Golden House 1609–1618 Dutch mannerism (architect Abraham van den Blocke).[14] Built for Johann Speymann, a wealthy grain trader and mayor of the city, and his wife Judith Bahr. The attic is decorated with sculptures depicting Cleopatra, Oedipus, Achilles and Antigone by Johann Vogt of Rostock.
Golden Gate 1612–1614 Dutch mannerism (constructed by Jan Strakowski to design by Abraham van den Blocke).[15] The attic was adorned with allegorical sculptures of citizen's virtues: Peace, Liberty, Fortune and Fame (west side), Harmony, Justice, Piety and Prudence (east side).[15] They were carved in 1648 by Peter Ringering to Jeremias Falck's design.
Green Gate 1564–1568 Flemish mannerism, inspired by the Antwerp City Hall (architect Regnier van Amsterdam).[14] It was built to serve as the formal residence of the Polish monarchs.[16]
Highland Gate 1586–1588 Dutch/Flemish mannerism, inspired by Sint-Jorispoort in Antwerp (architect Wilhelm van den Blocke).[17] The frieze was adorned with coat of arms of the Polish–Lithuanian Commonwealth (center), Gdańsk and Royal Prussia.[17]
Lion Castle 1569 Dutch mannerism (architect - probably Hans Kramer).[14] Built for the Schwartzwalds family. The facade was adorned by Vroom of Haarlem.[18] The house was named after two lion sculptures decorating the main portal.[19] In 1636 king Władysław IV Vasa was entertained in the house during his visit to the city.[19] Today it houses the Russian Centre of Science and Culture.
Neptune's Fountain 1617 Dutch mannerism (design by Abraham van den Blocke).[20] The fountain was founded by the city councillors at Barthell Schachtmann's initiative.[21] The Neptune's statue was cast in Augsburg by Peter Husen and Johann Rogge. In 1634 the fountain was encompassed by a fence decorated with gilded Polish Eagles, also designed by Abraham van den Blocke.[21]
Old Arsenal 1602–1605 Dutch/Flemish mannerism (architects Anthonis van Obbergen, Jan Strakowski and Abraham van den Blocke).[22]
Research Society House 1597–1599 Dutch mannerism (architect Anthonis van Obbergen).[23] Built for Hans Köpe.[23] The house is one of the largest mannierist constructions in Gdańsk (30m height). The main feature is 37m high tower with richly decorated lantern.[23] In 1846 the house was purchased by Danzig Research Society.[23]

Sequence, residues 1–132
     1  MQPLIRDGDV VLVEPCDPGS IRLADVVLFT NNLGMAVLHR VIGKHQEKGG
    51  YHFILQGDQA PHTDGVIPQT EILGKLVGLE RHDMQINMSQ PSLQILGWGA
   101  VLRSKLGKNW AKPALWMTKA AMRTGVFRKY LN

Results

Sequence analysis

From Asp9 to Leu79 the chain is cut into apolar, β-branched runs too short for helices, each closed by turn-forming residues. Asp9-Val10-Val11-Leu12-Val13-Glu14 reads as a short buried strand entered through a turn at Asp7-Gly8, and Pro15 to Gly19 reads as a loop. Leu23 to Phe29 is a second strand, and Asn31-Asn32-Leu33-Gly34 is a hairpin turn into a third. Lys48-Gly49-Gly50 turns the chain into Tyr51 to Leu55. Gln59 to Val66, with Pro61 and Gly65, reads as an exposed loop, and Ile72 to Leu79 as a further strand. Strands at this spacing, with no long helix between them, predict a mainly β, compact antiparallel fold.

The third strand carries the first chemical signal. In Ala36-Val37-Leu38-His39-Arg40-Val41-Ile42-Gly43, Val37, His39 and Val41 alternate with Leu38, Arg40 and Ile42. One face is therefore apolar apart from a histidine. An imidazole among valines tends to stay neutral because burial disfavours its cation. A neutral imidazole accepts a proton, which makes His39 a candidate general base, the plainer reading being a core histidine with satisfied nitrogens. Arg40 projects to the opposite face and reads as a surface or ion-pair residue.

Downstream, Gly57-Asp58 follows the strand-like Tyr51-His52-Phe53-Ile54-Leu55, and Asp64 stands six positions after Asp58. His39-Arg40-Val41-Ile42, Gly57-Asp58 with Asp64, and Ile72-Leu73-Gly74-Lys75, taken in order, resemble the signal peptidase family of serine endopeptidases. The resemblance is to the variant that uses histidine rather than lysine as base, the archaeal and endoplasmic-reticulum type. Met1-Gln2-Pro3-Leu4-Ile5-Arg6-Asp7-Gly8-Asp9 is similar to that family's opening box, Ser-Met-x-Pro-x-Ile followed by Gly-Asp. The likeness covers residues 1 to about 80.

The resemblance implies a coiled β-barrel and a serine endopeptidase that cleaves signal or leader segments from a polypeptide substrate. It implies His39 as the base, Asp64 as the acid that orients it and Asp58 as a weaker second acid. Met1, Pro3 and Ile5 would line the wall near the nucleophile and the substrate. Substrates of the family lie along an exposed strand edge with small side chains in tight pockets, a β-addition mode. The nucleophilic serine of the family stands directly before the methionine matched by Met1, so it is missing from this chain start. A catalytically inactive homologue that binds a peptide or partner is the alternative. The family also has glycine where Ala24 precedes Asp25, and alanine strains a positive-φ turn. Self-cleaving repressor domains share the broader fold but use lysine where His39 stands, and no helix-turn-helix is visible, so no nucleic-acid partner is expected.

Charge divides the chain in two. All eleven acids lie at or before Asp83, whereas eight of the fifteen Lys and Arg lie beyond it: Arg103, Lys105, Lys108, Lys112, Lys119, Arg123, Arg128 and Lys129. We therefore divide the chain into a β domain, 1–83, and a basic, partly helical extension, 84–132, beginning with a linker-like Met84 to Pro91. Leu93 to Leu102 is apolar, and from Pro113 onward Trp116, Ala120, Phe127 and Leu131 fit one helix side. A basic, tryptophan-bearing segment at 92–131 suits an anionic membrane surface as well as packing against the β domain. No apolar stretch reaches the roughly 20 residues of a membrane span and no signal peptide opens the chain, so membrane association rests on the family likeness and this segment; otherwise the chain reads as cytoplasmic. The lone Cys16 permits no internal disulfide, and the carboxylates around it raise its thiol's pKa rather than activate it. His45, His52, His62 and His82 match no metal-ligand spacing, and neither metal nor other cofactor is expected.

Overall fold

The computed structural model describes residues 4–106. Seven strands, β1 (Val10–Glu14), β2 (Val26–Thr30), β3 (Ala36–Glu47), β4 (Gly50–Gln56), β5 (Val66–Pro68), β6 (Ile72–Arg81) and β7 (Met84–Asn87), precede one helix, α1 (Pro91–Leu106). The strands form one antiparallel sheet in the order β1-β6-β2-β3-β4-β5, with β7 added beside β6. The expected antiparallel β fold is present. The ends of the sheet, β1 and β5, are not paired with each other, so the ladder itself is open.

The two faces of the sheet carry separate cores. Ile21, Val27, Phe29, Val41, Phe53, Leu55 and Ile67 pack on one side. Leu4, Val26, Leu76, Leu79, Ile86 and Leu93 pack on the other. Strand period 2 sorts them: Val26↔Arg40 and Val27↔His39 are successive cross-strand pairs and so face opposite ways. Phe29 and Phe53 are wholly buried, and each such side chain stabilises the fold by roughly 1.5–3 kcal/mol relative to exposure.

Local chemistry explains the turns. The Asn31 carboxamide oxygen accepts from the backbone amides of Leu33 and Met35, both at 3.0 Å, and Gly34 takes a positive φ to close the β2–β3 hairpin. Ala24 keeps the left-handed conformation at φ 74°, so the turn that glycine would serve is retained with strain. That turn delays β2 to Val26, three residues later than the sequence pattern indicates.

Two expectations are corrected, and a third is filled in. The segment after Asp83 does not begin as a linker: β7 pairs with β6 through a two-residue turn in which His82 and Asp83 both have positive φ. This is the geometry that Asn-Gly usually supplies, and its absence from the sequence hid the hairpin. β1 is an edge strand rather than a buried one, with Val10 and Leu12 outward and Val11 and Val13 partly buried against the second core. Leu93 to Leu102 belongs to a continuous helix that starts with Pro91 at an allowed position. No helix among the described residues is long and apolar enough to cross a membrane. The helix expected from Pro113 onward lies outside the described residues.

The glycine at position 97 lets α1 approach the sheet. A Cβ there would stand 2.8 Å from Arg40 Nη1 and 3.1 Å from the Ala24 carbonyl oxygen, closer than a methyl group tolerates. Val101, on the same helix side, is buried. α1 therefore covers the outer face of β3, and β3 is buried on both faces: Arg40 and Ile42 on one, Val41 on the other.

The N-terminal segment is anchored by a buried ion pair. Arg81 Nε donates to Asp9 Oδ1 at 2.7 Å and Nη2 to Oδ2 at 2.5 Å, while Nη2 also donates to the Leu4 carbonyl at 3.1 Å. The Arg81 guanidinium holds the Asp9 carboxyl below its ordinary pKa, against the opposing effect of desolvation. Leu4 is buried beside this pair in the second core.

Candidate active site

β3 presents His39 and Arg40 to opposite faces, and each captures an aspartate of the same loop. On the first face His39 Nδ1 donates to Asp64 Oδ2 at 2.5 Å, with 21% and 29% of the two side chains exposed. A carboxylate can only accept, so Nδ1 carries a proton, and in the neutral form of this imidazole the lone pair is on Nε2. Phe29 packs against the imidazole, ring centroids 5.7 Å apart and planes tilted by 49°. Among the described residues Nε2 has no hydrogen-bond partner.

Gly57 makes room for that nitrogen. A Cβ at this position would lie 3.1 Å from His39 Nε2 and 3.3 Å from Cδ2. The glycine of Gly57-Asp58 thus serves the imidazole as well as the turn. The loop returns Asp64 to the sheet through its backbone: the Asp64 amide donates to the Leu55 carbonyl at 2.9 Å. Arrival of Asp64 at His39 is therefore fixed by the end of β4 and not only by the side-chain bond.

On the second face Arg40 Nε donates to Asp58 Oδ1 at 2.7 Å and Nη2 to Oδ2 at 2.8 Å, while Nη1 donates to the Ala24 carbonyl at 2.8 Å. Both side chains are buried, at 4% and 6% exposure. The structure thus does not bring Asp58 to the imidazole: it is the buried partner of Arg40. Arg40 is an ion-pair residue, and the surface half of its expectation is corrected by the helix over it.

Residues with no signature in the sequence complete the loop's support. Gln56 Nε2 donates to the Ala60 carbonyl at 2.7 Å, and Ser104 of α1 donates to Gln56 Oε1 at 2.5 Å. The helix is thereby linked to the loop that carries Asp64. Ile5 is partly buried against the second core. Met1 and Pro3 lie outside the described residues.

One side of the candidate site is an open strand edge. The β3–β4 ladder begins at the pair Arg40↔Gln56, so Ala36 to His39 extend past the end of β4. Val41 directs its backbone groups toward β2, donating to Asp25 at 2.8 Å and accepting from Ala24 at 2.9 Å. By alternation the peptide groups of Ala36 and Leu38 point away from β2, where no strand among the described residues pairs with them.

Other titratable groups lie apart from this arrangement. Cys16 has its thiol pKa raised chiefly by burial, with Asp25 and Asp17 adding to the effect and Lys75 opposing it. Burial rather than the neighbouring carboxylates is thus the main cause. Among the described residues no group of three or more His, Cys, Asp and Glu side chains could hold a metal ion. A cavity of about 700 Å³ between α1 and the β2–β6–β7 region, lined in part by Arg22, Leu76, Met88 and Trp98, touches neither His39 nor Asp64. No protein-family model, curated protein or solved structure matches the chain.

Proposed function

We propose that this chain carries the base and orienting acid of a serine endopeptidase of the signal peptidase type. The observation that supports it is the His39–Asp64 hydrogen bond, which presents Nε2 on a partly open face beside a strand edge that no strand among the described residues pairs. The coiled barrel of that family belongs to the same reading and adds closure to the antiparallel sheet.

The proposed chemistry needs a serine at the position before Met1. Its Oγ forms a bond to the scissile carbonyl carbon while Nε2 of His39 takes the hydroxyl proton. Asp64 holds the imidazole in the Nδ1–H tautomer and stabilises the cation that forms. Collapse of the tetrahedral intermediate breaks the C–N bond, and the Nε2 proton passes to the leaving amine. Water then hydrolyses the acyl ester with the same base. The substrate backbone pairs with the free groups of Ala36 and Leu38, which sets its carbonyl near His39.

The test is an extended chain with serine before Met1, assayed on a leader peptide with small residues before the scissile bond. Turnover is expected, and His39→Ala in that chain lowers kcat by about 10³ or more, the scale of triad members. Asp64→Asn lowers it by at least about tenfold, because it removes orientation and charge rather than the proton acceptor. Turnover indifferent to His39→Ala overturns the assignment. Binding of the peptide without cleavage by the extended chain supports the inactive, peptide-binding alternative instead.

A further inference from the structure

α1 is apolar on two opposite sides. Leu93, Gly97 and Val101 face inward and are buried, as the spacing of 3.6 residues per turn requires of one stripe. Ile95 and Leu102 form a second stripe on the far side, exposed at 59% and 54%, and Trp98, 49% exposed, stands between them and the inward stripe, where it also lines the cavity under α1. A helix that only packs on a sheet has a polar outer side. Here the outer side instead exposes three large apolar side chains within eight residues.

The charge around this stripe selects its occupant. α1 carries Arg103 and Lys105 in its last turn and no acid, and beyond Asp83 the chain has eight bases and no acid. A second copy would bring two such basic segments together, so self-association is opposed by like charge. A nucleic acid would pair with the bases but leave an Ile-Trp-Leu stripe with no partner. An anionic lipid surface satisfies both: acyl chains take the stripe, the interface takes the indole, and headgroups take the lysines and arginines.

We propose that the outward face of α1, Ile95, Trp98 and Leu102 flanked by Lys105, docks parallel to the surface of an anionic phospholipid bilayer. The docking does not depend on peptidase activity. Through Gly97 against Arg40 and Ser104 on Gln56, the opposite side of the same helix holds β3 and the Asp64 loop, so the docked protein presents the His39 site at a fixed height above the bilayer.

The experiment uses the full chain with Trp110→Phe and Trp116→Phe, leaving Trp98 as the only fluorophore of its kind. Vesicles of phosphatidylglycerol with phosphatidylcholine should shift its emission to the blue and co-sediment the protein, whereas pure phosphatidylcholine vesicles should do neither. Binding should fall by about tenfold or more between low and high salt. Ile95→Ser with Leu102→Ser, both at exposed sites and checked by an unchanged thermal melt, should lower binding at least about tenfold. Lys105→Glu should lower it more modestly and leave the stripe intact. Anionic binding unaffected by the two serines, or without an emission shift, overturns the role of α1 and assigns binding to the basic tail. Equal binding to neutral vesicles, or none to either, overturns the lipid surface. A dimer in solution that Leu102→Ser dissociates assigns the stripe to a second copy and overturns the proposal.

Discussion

Schumann House 1560 Flemish mannerism.[14] Built for Hans Conert the Younger by unknown architect. The building was known at that time as the King's House.[24] The top of the house is decorated with the sculpture of Zeus. Schumann House's architecture bears strong resemblance to Gildehuis der Kuipers (Coopers' House) and to Huis van de Schutters (Archer's House) in Antwerp.
Schlüter House 1638–1640 Dutch mannerism/baroque (architect Andreas Schlüter the Elder, father of Andreas Schlüter).[23] Built for Hans van Enden.[23] The facade is decorated with floral motives and medallions with effigies of Alexander the Great, Heracles, two Polish kings Sigismund III Vasa and Władysław IV Vasa, knights, thinkers and representatives of various human races.[23]
St. Mary's Church - Epitaph of Edward Blemke 1591 Dutch mannerism (sculptor Willem van den Blocke).[25] The central relief depicts the resurrection in the Valley of Josaphat according to prophet Ezekiel's vision (the dynamic of skeletons' transformation from bones to corpse is exceptional).[25] The epitaph was crowned with a sculpture of death. Inspiration were epitaphs by Cornelis Floris - the construction bears resemblance to Epitaph of Dirk van Assendelft and his wife Adriana van Nassau in Grote Kerk in Breda (1555).
Town Hall 1559–1561 Dutch mannerism. The original 15th-century structure was reconstructed after a fire that broke out in 1556. In 1561 a gilded statue of King Sigismund II Augustus of Poland was installed on a pinnacle of rebuilt tower.[26]
Oliwa Oliwa Cathedral - Kos Tomb 1599–1620 Dutch mannerism (sculptor Willem van den Blocke). Established by Mikołaj Kos, landlord in Żukczyn.[27] Mikołaj and his son Andrzej were depicted wearing armours of Polish hussars.[27]
Słupsk Pomeranian Dukes Castle 1580–1587 Pomeranian mannerism (architect Wilhelm Zachariasz Italus).[28] The original castle (built in 1507 by duke Bogislaw X) was rebuilt in the mannerist style for duke John Frederick by Italian stonemasons.[28] The new model of the residence with a staircase in the tower adjacent to the elongated rectangular building was later adopted in many noble residencies in the region.[28]

Warmian-Masurian Voivodeship

Place Building Date of construction Style and history Image